United States District Court, District of Columbia
E. BOASBERG United States District Judge.
three Opinions, the Court has finally chopped this case all
the way down to its stump. All that remains is the
determination of a remedy. Yet just as the roots of the tree
are often tricky to yank out, such is the predicament here.
This dispute involves Defendant U.S. Department of
Agriculture's so-called Softwood Lumber Checkoff Order,
which authorized its Softwood Lumber Board to collect
assessments from lumber companies and then to spend those
funds on marketing efforts on behalf of the softwood-lumber
industry as a whole. Plaintiff Resolute Forest Products,
Inc., which was assessed some $1.1 million since the Order
went into effect in 2011, challenged the Department's
Order as unlawfully promulgated. This Court ultimately
agreed. See Resolute Forest Prods., Inc. v. U.S.
Dep't of Agric. (Resolute III), No.
14-2103, 2016 WL 2885869 (D.D.C. May 17, 2016).
now asks for its money back. That simple request, however, is
laden with complicated questions of sovereign immunity, the
statutory authority for relief, and considerations of equity.
Following a status hearing, submissions on the remedies
question, and supplemental Court-ordered briefing, the Court
ultimately determines that a full refund of the illegal
assessments is indeed due.
Opinions have mostly set the backdrop for the latest spat
between Resolute and the Department of Agriculture as well as
its Secretary, Tom Vilsack (the two of which the Court will
refer to jointly as Defendant). See Resolute III,
2016 WL 2885869, at *1-3; Resolute Forest Prods., Inc. v.
U.S. Dep't of Agric. (Resolute II), No.
14-2103, 2016 WL 1714312, at *1 (D.D.C. Feb. 2, 2016);
Resolute Forest Prods., Inc. v. U.S. Dep't of
Agric. (Resolute I), 130 F.Supp.3d 81, 86-88
(D.D.C. 2015). Even so, because none of those dispositions
focused on remedial issues, the Court sketches in a few added
The CPRIA and Softwood Lumber Checkoff Program
has long regulated the promotion and sale of agricultural
commodities by enabling the federal government to coordinate
with industries to advance such promotional efforts.”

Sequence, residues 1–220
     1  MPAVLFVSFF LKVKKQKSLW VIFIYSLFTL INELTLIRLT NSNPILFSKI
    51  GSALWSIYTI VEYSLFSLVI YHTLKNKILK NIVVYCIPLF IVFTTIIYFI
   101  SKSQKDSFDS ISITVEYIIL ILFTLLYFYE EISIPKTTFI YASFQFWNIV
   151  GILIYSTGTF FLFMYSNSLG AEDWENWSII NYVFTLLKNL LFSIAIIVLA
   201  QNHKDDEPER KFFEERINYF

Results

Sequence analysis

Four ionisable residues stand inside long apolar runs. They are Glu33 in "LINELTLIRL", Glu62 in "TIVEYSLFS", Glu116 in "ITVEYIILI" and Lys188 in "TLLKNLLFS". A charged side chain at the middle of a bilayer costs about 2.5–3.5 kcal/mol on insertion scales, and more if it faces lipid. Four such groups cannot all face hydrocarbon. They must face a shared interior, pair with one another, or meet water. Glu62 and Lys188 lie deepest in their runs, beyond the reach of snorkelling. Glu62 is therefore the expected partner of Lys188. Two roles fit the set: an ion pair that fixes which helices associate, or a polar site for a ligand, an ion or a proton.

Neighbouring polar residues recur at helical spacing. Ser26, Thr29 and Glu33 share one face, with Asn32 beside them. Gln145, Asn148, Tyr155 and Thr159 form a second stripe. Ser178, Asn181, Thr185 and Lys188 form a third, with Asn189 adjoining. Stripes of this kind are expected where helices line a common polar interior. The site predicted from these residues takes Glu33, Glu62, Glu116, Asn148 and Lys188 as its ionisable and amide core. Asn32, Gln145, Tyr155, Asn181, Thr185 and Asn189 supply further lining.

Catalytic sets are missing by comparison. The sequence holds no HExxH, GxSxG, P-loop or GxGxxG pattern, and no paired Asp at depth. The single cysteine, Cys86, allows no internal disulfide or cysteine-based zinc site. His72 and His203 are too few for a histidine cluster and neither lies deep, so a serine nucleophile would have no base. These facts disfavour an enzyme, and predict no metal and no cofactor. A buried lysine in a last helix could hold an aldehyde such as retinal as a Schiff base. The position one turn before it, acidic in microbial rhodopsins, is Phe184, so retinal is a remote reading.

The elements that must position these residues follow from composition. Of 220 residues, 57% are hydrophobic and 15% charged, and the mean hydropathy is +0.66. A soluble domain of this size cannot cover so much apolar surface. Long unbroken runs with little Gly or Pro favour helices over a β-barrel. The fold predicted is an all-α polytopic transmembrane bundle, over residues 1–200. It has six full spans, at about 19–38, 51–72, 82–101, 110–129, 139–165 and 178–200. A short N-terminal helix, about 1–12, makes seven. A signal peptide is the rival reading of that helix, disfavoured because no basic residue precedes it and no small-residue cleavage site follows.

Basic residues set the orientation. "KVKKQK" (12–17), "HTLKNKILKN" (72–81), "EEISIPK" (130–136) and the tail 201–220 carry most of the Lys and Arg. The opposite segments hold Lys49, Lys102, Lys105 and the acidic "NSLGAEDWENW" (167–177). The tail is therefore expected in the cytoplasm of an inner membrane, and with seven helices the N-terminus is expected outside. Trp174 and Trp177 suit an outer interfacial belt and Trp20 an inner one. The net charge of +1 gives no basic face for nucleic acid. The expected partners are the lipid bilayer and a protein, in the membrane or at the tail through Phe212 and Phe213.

Resolute I, 130 F.Supp.3d at 86. Everything from
kiwifruit to popcorn is subject to federal marketing orders.
See 7 U.S.C. §§ 7461-7491.
issue here is softwood lumber. For that product, the
Commodity Promotion, Research, and Information Act of 1996
(CPRIA), id. §§ 7411-7425, empowers the
Secretary to issue an order that creates an industry-led
board and allows that board to collect assessments from
lumber companies so that it can engage in marketing campaigns
for the industry as a whole. See id. §§
7413(a), 7414(b), (c)(1); Resolute I, 130 F.Supp.3d
at 87. To protect small-volume lumber distributors and
minimize administrative costs, the Secretary may specify in
that order that a “de minimis quantity of an
agricultural commodity” produced annually by each
company is exempt from these fees. See 7 U.S.C.
present case, the Secretary's Softwood Lumber Checkoff
Order - promulgated in 2011 following notice-and-comment
rulemaking - did precisely these things. First, the Checkoff
Order established the Softwood Lumber Board to carry out
lumber-promotion activities. See Softwood Lumber
Research, Promotion, Consumer Education and Industry
Information Order, 76 Fed. Reg. 46, 185 (Aug. 2, 2011).
Next, to fund those activities, the Checkoff Order required
industry members that trafficked in more than a de
minimis quantity of softwood lumber - specifically, 15
million board feet (15mmbf) per fiscal year - to pay
assessments to the Board. See Resolute I, 130
F.Supp.3d at 87; see also 7 U.S.C. §
7415(a)(1). Those members producing less are exempt from such
certain as taxes are, few are keen to pay the toll.
Suspecting as much, the CPRIA provides a legal mechanism for
companies to object to a checkoff order. Relevant here, the
Act allows disgruntled members to bring administrative, and
then judicial, challenges to an order.
statute provides, first, for administrative relief:
A person subject to an order issued under this subchapter may
file with the Secretary a petition -
(A) stating that the order, any provision of
the order, or any obligation imposed in connection with the
order, is not established in accordance with law; and
(B) requesting a modification of the order
or an exemption from the order.
Id. § 7418(a)(1). Once the Secretary rules on
the petition, federal district courts then have
“jurisdiction to review the final ruling on the
petition of the person.” Id. §
7418(b)(1). If the order is unlawful, however, courts have a
choice of remedies:
If the court determines that the ruling is not in accordance
with law, the court shall remand the matter to the Secretary
with directions -
(A) to make such ruling as the court
determines to be in accordance with law; or
(B) to take such further action as, in the
opinion of the court, the law requires.
Id. § 7418(b)(3).